14 Mayıs 2012 Pazartesi

Lawrence's Delayed Screen Debut

lawrence links to original article

(Hürriyet Newspaper, 14 May 2012)

According to a report published in the La Repubblica newspaper
in Italy, the first effort to make a film about Thomas Edward
Lawrence, who died in a mysterious motorcycle accident on
8 May 1935, was initiated eight weeks after his death. Based
on secret documents from the period in the British State Archives,
director Alexander Korda wrote a scenario and cast famous
actor Leslie Howard in the role of Lawrence. Korda then applied
to the British Foreign Ministry for permission to film abroad.

However, Jordan's King Abdullah objected to the making of the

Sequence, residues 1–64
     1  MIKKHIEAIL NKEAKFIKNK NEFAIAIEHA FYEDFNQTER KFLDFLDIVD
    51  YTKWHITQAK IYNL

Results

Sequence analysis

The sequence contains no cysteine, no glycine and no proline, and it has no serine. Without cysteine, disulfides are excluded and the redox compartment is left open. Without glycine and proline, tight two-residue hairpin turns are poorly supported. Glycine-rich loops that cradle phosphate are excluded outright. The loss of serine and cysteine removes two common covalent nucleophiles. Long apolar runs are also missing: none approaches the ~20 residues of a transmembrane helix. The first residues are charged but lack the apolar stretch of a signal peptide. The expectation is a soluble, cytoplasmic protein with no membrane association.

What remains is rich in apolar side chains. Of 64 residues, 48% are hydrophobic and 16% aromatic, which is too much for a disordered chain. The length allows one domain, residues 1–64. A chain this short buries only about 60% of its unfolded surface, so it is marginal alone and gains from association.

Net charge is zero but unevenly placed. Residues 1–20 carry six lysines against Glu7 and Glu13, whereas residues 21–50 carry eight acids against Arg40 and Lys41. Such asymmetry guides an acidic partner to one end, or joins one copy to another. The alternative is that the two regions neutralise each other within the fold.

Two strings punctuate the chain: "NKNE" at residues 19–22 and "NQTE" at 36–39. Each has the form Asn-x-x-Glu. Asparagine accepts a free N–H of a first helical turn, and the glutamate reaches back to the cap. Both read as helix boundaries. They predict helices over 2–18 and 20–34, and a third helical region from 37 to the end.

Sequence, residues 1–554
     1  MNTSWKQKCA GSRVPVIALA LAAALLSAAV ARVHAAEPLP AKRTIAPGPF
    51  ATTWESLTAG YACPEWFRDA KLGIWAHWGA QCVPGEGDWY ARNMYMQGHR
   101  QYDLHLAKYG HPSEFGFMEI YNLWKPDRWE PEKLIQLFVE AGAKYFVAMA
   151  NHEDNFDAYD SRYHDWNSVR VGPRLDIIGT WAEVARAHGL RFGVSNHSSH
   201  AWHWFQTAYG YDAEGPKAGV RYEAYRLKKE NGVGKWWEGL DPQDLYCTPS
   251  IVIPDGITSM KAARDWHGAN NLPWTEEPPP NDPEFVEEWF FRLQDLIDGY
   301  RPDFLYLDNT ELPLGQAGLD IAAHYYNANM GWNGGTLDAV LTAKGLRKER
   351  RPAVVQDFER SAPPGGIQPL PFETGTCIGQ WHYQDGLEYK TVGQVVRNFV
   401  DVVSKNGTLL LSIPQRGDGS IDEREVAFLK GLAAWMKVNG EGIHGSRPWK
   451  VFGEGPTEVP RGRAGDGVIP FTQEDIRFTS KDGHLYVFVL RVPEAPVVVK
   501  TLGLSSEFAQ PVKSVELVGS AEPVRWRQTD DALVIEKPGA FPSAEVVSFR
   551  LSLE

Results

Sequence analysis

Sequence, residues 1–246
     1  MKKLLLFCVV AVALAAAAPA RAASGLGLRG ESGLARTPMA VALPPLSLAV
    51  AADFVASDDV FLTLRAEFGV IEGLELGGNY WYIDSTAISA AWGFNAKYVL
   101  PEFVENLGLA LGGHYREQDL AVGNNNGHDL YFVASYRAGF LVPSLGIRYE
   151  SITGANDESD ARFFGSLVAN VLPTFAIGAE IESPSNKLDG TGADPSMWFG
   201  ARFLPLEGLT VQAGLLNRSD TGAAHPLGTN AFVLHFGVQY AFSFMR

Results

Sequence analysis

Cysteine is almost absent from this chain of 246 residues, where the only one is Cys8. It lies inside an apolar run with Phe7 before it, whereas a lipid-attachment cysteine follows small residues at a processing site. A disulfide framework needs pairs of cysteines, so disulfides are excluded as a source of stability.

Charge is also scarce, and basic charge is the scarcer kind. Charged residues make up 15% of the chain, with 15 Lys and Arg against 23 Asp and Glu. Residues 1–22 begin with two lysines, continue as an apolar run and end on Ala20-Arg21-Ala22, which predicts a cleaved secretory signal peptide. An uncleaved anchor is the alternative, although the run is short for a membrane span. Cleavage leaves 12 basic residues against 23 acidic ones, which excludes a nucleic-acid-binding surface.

film in Palestine because such film would create a big risk in the
already tense region. The British monarchy then intervened and
requested that the Foreign Ministry 'prevent the making of this
film for our own interests. Let's not enrage our friends the Turks,
let's not have an incident like Tiran.' (probably a reference to
the Strait of Tiran at the mouth of the Gulf of Aqaba).

Nevertheless, director Korda tried again in 1937 to bring the
film to reality but the Foreign Ministry again vetoed the idea
even though the script had been changed. Finally, in 1939, Korda
sent a third script which was accepted by the Foreign Ministry
with the comment 'OK. There's nothing in it that will anger the

The same week Adolf Hitler occupied Poland and the Second
World War began. The 'Lawrence of Arabia' project was
scrapped. In 1962, director David Lean brought the film to the
screen without censorship and it won seven Oscars.

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